BY VANESSA GONYE/ LORRAINE MUROMO
AT least 200 nurses face the axe after government yesterday fired Zimbabwe Professional Nurses Union president, Robert Chiduku for conducting union business at his workplace demanding better wages for nurses.
The 200 nurses will soon appear before disciplinary committees at provincial government hospitals across the country for participating in demonstrations and absenteeism from duty.
In a letter dated August 15, 2022 addressed to Chiduku, a representative of the Gweru provincial disciplinary authority, Stewart Jailos said out of the three charges levelled against him, he found the trade unionist guilty of conducting union business within the hospital premises without the employer’s consent.
“Your conduct is a serious breach of your employment contract and warrants a dismissal under the above cited section as charged. In coming up with the penalty, I took into account your submissions in mitigation of the penalty. I also took into account submissions in aggravation by the complainant only in regards to this particular charge you were found guilty,” Jailos said.
He said Chiduku’s conduct undermined the employer’s business and demonstrated incredible disrespect to the sanctity of the workplace, thereby disturbing the proper functioning of business.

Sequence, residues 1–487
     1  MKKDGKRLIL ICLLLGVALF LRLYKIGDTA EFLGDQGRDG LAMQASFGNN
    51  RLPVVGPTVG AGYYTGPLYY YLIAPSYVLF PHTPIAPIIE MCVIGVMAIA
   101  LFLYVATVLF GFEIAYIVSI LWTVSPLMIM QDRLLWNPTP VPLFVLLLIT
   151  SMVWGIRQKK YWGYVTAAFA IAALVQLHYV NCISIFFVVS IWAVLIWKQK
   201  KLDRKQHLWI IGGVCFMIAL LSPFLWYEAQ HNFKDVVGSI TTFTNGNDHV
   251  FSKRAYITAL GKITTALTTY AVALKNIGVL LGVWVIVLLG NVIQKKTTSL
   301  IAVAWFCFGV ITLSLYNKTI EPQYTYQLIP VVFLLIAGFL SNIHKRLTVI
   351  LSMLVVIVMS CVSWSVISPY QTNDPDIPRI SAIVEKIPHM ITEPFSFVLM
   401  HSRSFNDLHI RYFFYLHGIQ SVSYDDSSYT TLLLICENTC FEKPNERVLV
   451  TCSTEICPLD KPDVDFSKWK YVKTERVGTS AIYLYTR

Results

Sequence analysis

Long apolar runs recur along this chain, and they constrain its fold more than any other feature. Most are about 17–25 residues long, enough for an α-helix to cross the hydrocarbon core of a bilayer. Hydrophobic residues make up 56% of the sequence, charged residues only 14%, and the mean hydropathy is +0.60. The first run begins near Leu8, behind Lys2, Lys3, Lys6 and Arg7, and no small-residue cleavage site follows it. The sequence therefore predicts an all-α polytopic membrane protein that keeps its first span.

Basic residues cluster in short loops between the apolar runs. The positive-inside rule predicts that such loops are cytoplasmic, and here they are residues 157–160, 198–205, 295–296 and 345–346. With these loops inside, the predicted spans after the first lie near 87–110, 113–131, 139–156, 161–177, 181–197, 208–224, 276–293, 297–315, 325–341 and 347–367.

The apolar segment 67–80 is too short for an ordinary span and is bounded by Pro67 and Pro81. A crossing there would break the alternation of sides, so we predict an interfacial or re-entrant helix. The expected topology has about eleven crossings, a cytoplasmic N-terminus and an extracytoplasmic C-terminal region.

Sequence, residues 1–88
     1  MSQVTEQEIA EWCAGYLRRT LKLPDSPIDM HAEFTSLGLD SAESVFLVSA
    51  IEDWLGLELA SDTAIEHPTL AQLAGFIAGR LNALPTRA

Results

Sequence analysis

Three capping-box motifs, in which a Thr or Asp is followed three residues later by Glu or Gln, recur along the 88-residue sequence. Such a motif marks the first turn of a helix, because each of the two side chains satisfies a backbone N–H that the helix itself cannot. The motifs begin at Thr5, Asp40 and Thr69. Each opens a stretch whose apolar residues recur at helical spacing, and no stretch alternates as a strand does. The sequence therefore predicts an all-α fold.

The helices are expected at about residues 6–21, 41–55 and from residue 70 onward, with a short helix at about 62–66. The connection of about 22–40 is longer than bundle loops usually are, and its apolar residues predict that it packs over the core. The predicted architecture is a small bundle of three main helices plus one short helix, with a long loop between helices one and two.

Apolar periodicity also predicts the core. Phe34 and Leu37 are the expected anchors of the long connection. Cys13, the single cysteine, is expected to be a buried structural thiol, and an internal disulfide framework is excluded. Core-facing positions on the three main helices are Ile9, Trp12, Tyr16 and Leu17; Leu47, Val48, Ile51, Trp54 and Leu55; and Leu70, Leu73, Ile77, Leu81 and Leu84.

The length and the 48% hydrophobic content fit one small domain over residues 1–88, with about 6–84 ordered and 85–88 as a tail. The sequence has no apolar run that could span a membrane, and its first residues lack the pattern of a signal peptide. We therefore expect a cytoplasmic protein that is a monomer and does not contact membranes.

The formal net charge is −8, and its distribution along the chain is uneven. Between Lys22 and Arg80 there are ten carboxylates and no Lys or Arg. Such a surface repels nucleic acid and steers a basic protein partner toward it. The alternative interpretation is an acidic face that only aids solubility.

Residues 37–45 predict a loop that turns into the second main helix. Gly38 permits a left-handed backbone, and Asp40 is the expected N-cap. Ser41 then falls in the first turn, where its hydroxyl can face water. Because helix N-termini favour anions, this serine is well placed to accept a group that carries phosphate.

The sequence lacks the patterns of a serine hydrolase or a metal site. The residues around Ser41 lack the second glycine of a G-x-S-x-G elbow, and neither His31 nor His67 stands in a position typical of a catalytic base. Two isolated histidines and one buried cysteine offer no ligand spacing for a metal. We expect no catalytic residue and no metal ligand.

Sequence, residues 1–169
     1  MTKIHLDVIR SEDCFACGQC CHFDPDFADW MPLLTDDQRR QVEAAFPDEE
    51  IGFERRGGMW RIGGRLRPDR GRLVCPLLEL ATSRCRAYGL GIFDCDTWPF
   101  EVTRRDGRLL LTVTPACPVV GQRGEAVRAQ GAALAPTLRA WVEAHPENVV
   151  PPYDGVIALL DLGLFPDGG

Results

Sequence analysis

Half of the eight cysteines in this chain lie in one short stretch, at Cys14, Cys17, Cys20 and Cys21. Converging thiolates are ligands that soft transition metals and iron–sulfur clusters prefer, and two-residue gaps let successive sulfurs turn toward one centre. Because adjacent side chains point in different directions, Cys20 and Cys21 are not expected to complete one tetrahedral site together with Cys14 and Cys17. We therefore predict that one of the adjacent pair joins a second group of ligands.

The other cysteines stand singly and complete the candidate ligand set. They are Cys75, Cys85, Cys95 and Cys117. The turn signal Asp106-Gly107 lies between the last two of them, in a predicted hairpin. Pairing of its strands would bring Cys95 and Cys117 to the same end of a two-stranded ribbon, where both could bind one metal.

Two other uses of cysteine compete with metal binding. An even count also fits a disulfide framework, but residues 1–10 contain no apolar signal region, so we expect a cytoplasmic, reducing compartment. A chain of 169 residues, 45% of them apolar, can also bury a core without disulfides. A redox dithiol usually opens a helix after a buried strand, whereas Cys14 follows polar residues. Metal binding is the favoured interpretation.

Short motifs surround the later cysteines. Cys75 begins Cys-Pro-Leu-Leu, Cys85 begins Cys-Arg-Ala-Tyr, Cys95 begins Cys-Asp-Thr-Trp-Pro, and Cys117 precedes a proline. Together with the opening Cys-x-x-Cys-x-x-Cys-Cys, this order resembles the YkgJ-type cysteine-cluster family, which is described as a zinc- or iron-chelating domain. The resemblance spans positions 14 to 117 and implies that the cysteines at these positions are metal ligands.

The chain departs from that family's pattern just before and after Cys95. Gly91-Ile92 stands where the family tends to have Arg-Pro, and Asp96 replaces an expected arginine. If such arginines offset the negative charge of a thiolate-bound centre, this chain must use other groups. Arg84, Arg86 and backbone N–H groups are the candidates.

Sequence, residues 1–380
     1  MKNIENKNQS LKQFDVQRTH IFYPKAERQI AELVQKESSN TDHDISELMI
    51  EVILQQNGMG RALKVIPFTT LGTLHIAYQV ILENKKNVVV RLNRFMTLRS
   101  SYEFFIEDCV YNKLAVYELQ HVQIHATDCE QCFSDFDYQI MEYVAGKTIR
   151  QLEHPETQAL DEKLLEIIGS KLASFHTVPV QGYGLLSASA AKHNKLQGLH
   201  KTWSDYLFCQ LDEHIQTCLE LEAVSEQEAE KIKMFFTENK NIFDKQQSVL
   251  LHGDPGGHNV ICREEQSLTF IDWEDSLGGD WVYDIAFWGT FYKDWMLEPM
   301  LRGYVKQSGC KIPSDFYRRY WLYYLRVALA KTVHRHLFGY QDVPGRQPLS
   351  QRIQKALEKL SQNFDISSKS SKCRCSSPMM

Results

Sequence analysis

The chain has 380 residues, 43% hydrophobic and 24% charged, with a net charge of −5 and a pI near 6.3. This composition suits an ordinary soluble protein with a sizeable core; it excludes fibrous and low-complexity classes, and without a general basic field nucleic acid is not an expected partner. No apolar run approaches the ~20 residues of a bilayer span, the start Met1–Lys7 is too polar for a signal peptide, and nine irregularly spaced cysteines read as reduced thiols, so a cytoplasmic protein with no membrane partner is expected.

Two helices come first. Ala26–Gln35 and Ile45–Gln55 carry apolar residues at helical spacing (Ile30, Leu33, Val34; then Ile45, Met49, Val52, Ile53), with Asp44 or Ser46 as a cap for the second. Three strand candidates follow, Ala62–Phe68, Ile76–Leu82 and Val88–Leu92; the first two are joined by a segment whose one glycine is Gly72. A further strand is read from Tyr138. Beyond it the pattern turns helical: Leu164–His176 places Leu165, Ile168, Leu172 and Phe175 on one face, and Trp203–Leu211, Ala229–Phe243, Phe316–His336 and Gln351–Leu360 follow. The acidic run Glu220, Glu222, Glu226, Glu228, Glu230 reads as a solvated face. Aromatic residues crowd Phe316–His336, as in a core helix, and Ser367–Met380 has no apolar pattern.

“On the basis of the disciplinary hearing held, I have no option but to order a summary dismissal with immediate effect. Please be advised that should you be aggrieved by my decision, you may without prejudice to right of appeal, appeal as appropriate to the appeals officer within seven days from date of receipt of this letter,” Jailos added.
Chiduku is one of the many nurses and union leaders summoned over their calls for better remuneration for the civil service with other hearings still in motion.
Zimbabwe Health Workers Union general secretary Lloyd Sarai said a number of nurses had already been to the hearings, where many have been given warnings never to join a job action again and that repeating a similar offence would invite a more severe penalty.
Zimbabwe Nurses Union president Enock Dongo acknowledged that hearings were underway at different provincial hospitals.
“All this is being done to intimidate and to scare away the nurses from any job action. That is their strategy, but we are not scared and this we condemn. I have learnt of the unfortunate dismissal from work of Robert Chiduku. We don’t expect the employer to dismiss union leaders over fighting for a good cause,” said Dongo.
Crisis in Zimbabwe Coalition spokesperson Obert Masaraure said: “The government has dismissed the president of Zimbabwe Professional Nurses Union, Cde Robert Chiduku. He was accused of conducting union business at the workplace. According to the employer, this warrants a dismissal. This evil should be condemned by all progressive citizens.”
Contacted for comment, Health ministry spokesperson Donald Mujiri said the Health Services Board (HSB) was handling the matter.
“The board continues to execute its mandate, relating to absence from work without authority, within the principle, no work no pay,” HSB spokesperson Tryfine Rachel Dzvukutu said.
For many years, nurses have been in a cat and mouse game with their employer over poor working conditions and remuneration.